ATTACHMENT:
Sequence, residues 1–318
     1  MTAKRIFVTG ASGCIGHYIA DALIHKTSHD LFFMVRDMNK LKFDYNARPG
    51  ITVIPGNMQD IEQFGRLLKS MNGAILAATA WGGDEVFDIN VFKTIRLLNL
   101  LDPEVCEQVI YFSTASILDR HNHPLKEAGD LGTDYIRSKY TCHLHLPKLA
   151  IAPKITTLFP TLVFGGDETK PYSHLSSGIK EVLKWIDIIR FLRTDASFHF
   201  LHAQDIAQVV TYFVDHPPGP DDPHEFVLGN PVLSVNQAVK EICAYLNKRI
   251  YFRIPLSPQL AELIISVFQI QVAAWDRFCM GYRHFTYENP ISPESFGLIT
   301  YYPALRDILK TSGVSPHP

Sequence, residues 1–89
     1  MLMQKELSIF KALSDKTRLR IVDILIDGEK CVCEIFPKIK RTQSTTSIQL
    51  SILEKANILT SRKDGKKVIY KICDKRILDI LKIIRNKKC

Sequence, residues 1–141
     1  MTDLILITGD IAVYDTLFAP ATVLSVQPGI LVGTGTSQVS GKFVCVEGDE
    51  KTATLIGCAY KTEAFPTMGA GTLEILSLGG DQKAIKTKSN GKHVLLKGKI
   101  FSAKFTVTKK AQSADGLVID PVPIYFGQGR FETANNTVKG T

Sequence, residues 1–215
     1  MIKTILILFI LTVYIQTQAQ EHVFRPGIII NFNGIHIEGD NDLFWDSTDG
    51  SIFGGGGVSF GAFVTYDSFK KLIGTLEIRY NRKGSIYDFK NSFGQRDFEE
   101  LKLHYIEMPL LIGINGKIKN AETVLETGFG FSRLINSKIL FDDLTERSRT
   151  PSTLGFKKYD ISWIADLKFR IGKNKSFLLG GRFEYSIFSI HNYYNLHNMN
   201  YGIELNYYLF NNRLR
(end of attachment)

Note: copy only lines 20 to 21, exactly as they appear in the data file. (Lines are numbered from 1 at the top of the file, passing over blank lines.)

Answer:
   151  PSTLGFKKYD ISWIADLKFR IGKNKSFLLG GRFEYSIFSI HNYYNLHNMN
   201  YGIELNYYLF NNRLR